COLORADO SPRINGS, Colo. (AP) - When Michelle Mitnik walks into her church for Sunday services, few there know her business. Literally.
It’s not something the 52-year-old Colorado Springs woman talks about with her church friends for fear of social stigma, but when she opens up, it’s like listening to your grandmother tell a nice bedtime story - a story of how she spends a good portion of her time in the back of a limo assuring that her joint-smoking clients are having a good time.
A 15-year veteran of the banking industry, Mitnik owns and operates Mountain High Treks, a marijuana tourism company that offers high-end dispensary tours, cannabis-friendly dude ranch vacations and, in the near future, marijuana-themed weddings.
She employs two tour guides and has several more on-call. She spends her profits in the area, and orders all of her promotional materials from local businesses.
Never mind that there are no recreational marijuana outlets in El Paso County. The area’s medical marijuana industry, coupled with legal recreational possession and use, have been enough to spawn a number of ancillary businesses like Mitnik’s, which ripple into other areas of the local economy.
For every marijuana dispensary or grow operation in Colorado Springs, somebody had to design and manufacture the signs in their windows and storefronts. Somebody had to wire the lights, keep the books and make sure the place is up to legal code.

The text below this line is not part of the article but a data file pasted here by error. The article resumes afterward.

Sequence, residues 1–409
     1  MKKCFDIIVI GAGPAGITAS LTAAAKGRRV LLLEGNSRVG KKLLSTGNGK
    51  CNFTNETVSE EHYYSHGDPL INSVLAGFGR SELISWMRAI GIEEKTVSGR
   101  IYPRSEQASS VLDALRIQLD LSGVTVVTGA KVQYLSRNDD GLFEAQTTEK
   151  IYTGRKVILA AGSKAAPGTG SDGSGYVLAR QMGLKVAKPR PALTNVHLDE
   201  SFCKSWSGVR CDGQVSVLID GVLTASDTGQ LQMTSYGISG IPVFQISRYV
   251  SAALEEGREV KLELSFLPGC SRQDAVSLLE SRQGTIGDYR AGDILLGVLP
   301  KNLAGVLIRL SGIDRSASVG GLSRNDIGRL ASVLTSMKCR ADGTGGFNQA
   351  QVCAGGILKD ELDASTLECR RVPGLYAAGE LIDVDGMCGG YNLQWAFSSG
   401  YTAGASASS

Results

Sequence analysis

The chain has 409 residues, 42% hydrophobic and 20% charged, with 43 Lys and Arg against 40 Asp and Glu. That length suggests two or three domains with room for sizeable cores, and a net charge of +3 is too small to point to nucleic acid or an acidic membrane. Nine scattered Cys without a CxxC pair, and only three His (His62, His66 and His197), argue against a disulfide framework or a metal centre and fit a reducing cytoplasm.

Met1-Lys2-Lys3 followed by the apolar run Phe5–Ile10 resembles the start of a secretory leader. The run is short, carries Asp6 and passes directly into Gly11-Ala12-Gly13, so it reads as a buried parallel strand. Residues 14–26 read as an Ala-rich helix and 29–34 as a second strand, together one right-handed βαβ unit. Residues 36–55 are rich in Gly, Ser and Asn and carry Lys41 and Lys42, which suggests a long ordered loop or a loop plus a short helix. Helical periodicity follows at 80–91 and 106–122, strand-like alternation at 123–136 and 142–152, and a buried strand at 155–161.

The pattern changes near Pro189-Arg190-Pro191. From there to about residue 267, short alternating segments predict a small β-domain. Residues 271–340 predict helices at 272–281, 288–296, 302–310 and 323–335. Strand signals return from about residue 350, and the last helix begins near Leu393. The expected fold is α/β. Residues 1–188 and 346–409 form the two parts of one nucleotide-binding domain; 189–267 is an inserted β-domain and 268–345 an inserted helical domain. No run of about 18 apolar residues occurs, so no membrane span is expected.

“The whole marijuana industry is just trickle-down economics,” she said. “It’s incredible.”
Along with Mitnik’s business, Colorado Springs has a growing cottage industry that includes a marijuana lounge, a grow-your-own consultancy and manufacturers of edibles and vaporizers. There are many more in the Denver area, all nurtured by the state’s pioneering role in cannabis sales.
From 2009 through April of this year, Colorado Springs medical marijuana dispensaries generated more than $4.2 million in city sales and use taxes, according to the city’s finance department. But those numbers don’t include the taxes that businesses like Mitnik’s pay, or the money from the contracts they sign with other companies, said Michael Elliot, executive director of the Marijuana Industry Group, a Denver-based trade and lobbying association.
It’s impossible to put a dollar figure on the economic impact from the legalization of medical and recreational marijuana and the other businesses that have grown up around it, he said, but he estimates it to be in the hundreds of millions statewide.
For starters, marijuana businesses - like any new enterprises - demand a variety of services and products, creating an economic boost across sectors, said Phyllis Resnick, lead economist at the Colorado Futures Center at Colorado State University. Manufacturing and real estate are two areas that have been particularly affected, she said. The manufacturing of edible products and equipment for grow operation will generate business for related companies, creating a multiplier effect across the state.
Marijuana businesses have also been filling storefront and warehouse vacancies left by the recession, she said.
But not everybody thinks the burgeoning industry is good for business. Statewide legalization of recreational use “continues to be a challenge for our businesses,” said Joe Raso, president and CEO of the Colorado Springs Regional Business Alliance. Some are struggling to find employees who can pass drug tests, he said.
Raso said he’s not aware of companies that haven’t come to Colorado Springs specifically because of legalized marijuana, but added that it can be a factor in business leaders’ decisions.
“Any time there’s an uncertainty in the market, it creates a higher concern for companies that are making those decisions,” he said.